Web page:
In July 1943, a large tea caravan of two hundred animals is bound for Lhasa. The men in the caravan include a canned food factory merchant and his twenty-one year old nephew Mudu.
The horses are saddled and the pack animals–mules and horses–are loaded in Lijiang, northwest Yunnan. The caravan continues northwest to Yezhi in the Lisu Weixi Autonomous County (see map), passing the Golden Sands (Jinsha) River en route to Shangri-la and Deqen.
This caravan route borders the upper watersheds of the Mekong and Salween Rivers. Mules, horses, men and cargo traverse the Mekong on single rope bridges which takes the whole day. Where animals cannot be hauled on the ropes, they wade across.
From the Mekong, the caravan travels north crossing the Kawagarbo Mountain through the Dulong Gorge and finally to Chayu County in southeast Tibet. At some of the camp sites, there are palpable signs that other caravans have passed through: stones arranged in circles for fires and dried dung for cooking fuel. As night descends, men huddle close to fires to eat pancakes called baba with shredded pieces of dried meat, flakes of dried cheese and roasted barley flour mixed with hot yak butter tea.
Votive offerings are made along the journey. When the caravan arrives at Chayu, tea gifts are presented to local officials. The tea caravan is still over 960 kilometers from Lhasa, and the muleteers must navigate some of the world’s highest mountain passes, the unforgiving weather, and marauding bandits. Like other trading routes, Lijiang to Lhasa is a vast array of cultural, religious and commercial threads tied together by an intricate network of caravan tracks, roads, rivers, and mountains. And around and along these paths and roads, flow stories of people Mudu meets: pilgrims, traders, nomadic tribesmen, Tibetan monks, missionaries, vagabonds.
The caravan arrives in Lhasa, a holy mecca for pilgrims and home to a culturally diverse community of traders. Since at least the seventeenth century, all kinds of commodities have flowed out from the city–musk, medicinal plants, furs, and yak tails ‘not only for use as fly swatters and staffs, but also as ritual fans in Hindu temples, and as Santa Claus beards in Europe,’ and a steady stream of imported goods including tea, sugar, chillies, saffron from Kashmir and turquoise from Persia.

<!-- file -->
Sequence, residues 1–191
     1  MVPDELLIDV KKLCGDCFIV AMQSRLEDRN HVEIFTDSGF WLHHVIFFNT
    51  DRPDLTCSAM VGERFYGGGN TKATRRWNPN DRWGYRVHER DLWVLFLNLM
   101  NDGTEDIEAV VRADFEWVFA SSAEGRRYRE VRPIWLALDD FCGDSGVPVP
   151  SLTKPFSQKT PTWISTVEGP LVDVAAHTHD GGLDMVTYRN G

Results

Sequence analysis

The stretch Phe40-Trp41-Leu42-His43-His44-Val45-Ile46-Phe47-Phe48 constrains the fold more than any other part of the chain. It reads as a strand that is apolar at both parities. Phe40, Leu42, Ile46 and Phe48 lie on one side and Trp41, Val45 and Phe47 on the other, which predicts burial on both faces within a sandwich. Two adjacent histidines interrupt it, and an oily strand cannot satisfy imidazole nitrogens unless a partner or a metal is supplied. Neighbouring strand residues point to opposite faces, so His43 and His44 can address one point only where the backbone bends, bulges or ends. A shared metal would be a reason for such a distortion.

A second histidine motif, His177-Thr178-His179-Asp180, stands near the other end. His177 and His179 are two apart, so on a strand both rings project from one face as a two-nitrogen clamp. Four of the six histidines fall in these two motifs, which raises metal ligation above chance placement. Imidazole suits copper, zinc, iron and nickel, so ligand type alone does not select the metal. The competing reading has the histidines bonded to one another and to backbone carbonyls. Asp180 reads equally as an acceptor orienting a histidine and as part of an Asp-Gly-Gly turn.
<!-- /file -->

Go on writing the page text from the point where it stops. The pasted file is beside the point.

In the 1940s, the wealthier residents of Lhasa could purchase all kinds of luxury items including Australian butter and Scotch whisky. ‘There is nothing one cannot buy, or at least order,’ writes Austrian mountaineer and author Heinrich Harrer, who lived in Lhasa in the mid to late 1940s:
One even finds the Elizabeth Arden specialties . . . American overshoes. . . sewing-machines, radio sets and gramophones and . . . Bing Crosby’s latest records. . . we found an enormous store full of European felt-hats which are the dernier cri in Lhasa.
Mudu meets traders and their families from Lijiang who have settled in the city for good. But Mudu does not anchor himself in ‘place of the gods.’ He joins a caravan bound for India. They start west across the Yarlung Tsangpo River Valley which lies north of the Central Himalayan Crest and finally arrive in Kalimpong, a hill station in West Bengal. From Kalimpong, they continue to Calcutta.
Mudu works in Calcutta for the next three years alongside his uncle. The city inhales a kaleidoscope of traders, long term sojourners and peripatetic merchants. Mudu absorbs the frenetic chaos, the hard work, the intense commercial activity. He meets a community of tanners originally from Mei County in northeastern Guangdong and learns of the first Chinese settlers who came to India in the late eighteenth century. These early Chinese settlers began working in sugar plantations, but they soon branched out in other areas–carpentry, shoemaking, dentistry, laundries and piggeries. Mudu eventually takes up leather–the tanning, the manufacture, the trade– learning the trade from the Chinese tanners.
In April 1946 Mudu returns to Kunming on a cargo aircraft via a stop over in Burma. He remembers that it was bumpy ride, passengers strapped to their seats, the aircraft shaking, the headaches, the nausea, the vomiting.
What else is remembered on the flight and all the other patchwork of stories in Mudu’s world from Lijiang to India are not embellished here, but the rich mosaic of tales could be deftly woven into a novel. Mudu might agree that out of his three year journey, a writer could fashion a novel on an epic scale, but also echo a sentiment expressed by Osama al-Harat’s paternal grandfather in Rabih Alameddine’s novel The Hakawati: ‘No matter how good a story is, there is more at stake in the telling.’
Fu, Ba, ‘Chamagudao “chayuxian”de jiyi–fang Yindu guiqiao Mudu xiansheng (‘Recollections of the Tea Horse Road at Chayu: With Mr. Mudu, a Returned Overseas Chinese from India’), in Lijiang yu Chamagudao (Lijiang and the Tea Horse Road), Kunming: Yunnan Daxue Chubanshe, 2004: 25-29.
Tregear, T.R., Geography of China, University of London, 1965: 265.
Yeh, T Emily, ‘Living Together in Lhasa: Ethnic Relations, Coercive Amity, and Subaltern Cosmopolitanism.’
Accessed at: http://spot.colorado.edu/~yehe/Mayaram_ch_3.pdf